Frequently Asked Questions.
When choosing a family lawyer, there are five factors you should consider.
- Area of Expertise: Does your lawyer of choice specialize in family law or do they just “dabble” in it?
- Recommendations and reviews: What have their former clients said about working with them and their processes?
- Experience: It’s important to ask not only how long a lawyer has been practicing law generally, but how long has that lawyer been practicing family law specifically.
- Conflict resolution skills: Not all divorces got to court and family lawyers should be skilled in alternative dispute resolutions.
- Compatibility: Do you feel comfortable and confident with them? When choosing a family lawyer, trust your intuition.
Typically, in family law cases, lawyers charge by the hour according to a set hourly rate. Your lawyer’s hourly rate will vary depending on experience, expertise, and the region in which your lawyer practices.
It is also common for lawyers to charge set fees for certain tasks or aspects of a case. For example, a lawyer may charge a set fee for preparation of a Notice of Family Claim, drafting a Separation Agreement or preparing a Desk Order Divorce application.
Both parents of a child are automatically deemed guardians of that child while a child’s parents are living together and after the child’s parents separate. So, as long as you lived with your child prior to separation, you are your child’s guardian by default. Arrangements respecting the allocation of parental responsibilities, parenting time, and decision-making responsibility need to be worked out in the divorce.
Not all divorce cases end up going to court. Alternative Dispute Resolution (ADR) is a process of resolving legal disputes outside of court and includes processes such as mediation and arbitration.
A divorce is the termination of your legal marriage which takes place after the separation of married spouses. Only married people can get a divorce. However in BC, there really is no such thing as a “legal” separation. A Separation Agreement, on the other hand, is a formal agreement entered into by spouses who have already separated (or are contemplating separation) that sets out how various financial, property and parenting matters will be settled.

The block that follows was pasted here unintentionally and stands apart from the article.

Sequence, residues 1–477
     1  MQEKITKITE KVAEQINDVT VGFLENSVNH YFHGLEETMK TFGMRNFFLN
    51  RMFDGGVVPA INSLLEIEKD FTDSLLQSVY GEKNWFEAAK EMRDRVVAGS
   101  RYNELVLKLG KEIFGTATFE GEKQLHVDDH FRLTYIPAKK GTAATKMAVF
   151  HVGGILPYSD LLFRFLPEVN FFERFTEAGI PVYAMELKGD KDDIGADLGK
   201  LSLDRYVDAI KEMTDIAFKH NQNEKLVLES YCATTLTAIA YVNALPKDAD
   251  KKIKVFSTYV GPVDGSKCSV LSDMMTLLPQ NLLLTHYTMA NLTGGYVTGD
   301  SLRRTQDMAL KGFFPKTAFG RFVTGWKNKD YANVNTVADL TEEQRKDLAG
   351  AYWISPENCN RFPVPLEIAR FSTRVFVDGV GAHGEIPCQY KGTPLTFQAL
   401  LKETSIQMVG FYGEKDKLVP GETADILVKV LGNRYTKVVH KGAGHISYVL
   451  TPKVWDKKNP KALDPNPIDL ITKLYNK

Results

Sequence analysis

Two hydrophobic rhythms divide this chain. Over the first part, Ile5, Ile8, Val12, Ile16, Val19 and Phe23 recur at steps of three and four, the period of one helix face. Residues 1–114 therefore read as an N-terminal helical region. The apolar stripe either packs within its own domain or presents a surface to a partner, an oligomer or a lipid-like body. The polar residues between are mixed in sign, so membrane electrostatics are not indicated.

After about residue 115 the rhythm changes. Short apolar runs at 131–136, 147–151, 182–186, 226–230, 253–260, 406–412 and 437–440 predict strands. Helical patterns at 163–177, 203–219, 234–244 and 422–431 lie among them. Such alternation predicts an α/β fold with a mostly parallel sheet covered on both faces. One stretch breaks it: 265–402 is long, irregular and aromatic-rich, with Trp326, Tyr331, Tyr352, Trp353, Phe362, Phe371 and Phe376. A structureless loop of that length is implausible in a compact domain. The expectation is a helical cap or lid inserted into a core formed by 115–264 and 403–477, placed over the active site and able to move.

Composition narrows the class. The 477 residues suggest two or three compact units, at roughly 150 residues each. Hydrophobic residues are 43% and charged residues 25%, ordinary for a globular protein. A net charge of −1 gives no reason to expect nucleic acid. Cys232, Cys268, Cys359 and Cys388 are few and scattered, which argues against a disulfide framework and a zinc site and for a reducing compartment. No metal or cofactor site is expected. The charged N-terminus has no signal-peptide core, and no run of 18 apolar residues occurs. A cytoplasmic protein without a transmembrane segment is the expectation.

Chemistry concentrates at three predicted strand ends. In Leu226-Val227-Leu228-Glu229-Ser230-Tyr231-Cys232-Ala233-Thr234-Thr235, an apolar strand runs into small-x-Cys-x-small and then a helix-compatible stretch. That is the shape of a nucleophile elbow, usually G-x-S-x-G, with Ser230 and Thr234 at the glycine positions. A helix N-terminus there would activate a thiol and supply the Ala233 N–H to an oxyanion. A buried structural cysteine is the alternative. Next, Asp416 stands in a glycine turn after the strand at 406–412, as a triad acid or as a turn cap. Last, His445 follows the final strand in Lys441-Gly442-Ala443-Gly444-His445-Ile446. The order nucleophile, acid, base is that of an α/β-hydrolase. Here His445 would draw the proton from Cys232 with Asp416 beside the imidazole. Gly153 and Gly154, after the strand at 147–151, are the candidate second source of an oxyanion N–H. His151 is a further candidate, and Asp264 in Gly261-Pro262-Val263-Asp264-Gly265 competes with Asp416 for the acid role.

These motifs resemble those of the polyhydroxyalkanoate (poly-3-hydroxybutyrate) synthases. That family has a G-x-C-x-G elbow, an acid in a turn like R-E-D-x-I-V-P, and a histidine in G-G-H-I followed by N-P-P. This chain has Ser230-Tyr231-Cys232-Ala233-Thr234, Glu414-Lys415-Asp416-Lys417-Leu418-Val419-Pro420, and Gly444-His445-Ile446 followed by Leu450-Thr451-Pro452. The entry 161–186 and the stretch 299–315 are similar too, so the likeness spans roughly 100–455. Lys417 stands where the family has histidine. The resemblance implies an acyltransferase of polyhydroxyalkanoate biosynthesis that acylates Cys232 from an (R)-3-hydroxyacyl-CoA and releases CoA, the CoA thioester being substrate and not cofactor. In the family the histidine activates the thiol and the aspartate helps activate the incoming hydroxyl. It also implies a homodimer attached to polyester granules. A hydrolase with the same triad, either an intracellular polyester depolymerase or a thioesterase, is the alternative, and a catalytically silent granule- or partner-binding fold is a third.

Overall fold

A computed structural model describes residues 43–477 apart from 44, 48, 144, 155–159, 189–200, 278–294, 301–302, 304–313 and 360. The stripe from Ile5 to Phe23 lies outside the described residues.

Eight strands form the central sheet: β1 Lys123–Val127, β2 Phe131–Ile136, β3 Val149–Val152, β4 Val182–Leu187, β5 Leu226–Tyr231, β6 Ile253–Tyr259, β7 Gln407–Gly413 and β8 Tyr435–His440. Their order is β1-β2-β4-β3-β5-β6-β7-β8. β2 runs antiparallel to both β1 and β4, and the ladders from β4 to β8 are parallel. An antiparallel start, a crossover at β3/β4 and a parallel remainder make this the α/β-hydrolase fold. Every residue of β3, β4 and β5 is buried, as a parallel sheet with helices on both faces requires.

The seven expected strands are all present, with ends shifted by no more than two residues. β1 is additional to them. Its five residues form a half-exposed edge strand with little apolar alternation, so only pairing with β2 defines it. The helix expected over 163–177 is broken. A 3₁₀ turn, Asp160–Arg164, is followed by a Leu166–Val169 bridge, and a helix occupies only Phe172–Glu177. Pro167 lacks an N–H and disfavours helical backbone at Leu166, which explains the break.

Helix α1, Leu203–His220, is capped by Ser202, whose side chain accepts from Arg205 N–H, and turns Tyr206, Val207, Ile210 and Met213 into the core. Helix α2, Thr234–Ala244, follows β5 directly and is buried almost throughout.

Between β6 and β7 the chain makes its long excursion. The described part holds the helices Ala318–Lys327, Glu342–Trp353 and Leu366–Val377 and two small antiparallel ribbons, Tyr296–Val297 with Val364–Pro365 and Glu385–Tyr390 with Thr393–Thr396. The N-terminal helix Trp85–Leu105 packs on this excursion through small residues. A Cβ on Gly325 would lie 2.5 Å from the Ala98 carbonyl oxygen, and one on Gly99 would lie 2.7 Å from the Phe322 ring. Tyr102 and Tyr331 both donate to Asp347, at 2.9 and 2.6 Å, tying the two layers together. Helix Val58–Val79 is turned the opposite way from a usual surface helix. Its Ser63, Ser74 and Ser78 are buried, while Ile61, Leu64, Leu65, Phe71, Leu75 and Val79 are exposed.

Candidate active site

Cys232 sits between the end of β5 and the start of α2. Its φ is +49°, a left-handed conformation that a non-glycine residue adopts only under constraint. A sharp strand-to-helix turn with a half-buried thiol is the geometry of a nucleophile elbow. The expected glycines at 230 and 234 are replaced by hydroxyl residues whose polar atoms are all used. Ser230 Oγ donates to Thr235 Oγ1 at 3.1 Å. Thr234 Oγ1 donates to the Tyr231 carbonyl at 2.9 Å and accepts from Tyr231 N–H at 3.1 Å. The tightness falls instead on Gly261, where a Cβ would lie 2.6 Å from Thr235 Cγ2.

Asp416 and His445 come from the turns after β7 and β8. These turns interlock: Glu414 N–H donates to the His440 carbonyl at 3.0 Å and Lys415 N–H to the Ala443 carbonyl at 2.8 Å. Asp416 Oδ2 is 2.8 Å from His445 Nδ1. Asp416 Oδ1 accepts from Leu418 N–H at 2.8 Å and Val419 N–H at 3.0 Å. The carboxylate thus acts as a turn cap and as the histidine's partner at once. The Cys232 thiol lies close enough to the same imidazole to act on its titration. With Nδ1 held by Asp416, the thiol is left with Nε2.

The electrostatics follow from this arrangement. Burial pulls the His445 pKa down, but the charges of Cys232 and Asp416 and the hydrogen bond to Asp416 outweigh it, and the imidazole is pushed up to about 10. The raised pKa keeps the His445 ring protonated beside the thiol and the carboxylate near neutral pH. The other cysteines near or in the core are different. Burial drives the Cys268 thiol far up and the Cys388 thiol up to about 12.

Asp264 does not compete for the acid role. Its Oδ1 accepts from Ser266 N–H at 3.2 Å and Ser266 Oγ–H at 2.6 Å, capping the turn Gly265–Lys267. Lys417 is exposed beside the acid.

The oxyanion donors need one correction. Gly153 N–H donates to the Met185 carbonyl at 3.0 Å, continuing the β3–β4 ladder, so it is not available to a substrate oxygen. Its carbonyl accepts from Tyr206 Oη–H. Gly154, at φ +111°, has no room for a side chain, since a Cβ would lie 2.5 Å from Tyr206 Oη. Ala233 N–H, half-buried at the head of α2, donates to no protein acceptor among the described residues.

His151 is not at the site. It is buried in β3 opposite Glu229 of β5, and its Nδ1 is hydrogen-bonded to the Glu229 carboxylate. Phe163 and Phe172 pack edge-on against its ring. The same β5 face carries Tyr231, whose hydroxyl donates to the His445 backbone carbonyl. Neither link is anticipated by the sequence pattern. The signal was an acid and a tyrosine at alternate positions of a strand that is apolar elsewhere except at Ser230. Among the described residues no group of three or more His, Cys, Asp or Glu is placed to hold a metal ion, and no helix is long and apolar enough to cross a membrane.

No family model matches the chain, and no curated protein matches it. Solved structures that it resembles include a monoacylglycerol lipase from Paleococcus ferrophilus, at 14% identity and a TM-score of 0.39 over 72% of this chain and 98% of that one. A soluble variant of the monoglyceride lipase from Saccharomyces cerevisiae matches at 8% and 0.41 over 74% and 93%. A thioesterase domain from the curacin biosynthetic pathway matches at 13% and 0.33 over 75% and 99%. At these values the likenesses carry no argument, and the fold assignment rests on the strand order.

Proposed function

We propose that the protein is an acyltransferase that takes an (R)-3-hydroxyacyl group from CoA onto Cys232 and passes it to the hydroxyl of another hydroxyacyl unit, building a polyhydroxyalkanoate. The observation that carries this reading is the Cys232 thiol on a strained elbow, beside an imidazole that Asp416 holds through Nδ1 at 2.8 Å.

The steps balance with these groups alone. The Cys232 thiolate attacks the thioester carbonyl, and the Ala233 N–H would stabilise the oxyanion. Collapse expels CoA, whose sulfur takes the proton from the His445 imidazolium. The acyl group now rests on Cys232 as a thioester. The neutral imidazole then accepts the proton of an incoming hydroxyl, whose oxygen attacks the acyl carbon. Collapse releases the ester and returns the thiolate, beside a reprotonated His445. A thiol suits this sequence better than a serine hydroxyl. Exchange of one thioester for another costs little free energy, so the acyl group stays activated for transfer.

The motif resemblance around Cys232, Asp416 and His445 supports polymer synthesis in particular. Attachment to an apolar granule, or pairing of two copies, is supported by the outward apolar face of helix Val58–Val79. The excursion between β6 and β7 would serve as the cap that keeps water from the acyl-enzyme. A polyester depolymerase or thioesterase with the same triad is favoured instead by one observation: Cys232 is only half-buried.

To apply for a divorce, the BC Supreme Court must have jurisdiction to grant you a divorce under the Divorce Act. Once this is completed, you must show there is a ‘breakdown in marriage’.
A breakdown of the marriage is established when of one of the following factors can be demonstrated:
- The spouses have been separated for at least one year
- One spouse committed adultery
- One spouse treated the other with physical or mental cruelty such that continuing to live together would be intolerable
The Family Law Act of BC is our provincial legislation that creates and sets out family law in British Columbia and is applicable to both married and unmarried spouses in BC. The Divorce Act is federal legislation and applies to every province in Canada. The Divorce Act only applies to married spouses who are separating and does not assist couples who live together. The Divorce Act is the only authority under which a court can grant a divorce in Canada.
Under the Divorce Act, the definition of spouse is simply, “either of two persons who are married to each other.”
Under the Family Law Act, you are a spouse if you meet one of the following definitions:
- You are or were married
- You lived together in a marriage-like relationship for at least two years
- Except for the purposes of dividing property or pensions, you lived together in a marriage-like relationship for less than two years, but you and your spouse have a child together
Mediation is the process by which a neutral third party (the mediator) facilitates settlement discussions between two people in a dispute to help them resolve their legal issues. Mediation is a private, voluntary and confidential process that helps resolve disputes out of court.
The time it takes a couple to reach a settlement on their legal issues can vary. Complex financial matters such as working out the details of a family business or escalated conflict related to children, may necessitate numerous mediation sessions. However, for the most part, a settlement can be reached at mediation over the course of 2 to 5 mediation sessions, with each session typically taking 1.5 to 3 hours.
In advance of mediation, the mediator will meet with both you and your spouse separately for a pre-mediation session. The purpose of pre-mediation is to put the parties at ease, and it allows the mediator to learn about the needs of each party. Also, the mediator will screen for family violence. Pre-mediation meetings provide the mediator with the information they need to assess whether mediation is the appropriate process for the parties.
At the end of a mediation, the mediator will develop a written record outlining the issues that have been settled. This written record helps to avoid confusion and misunderstanding between the parties about the final agreed upon settlement. This written record can take various forms.
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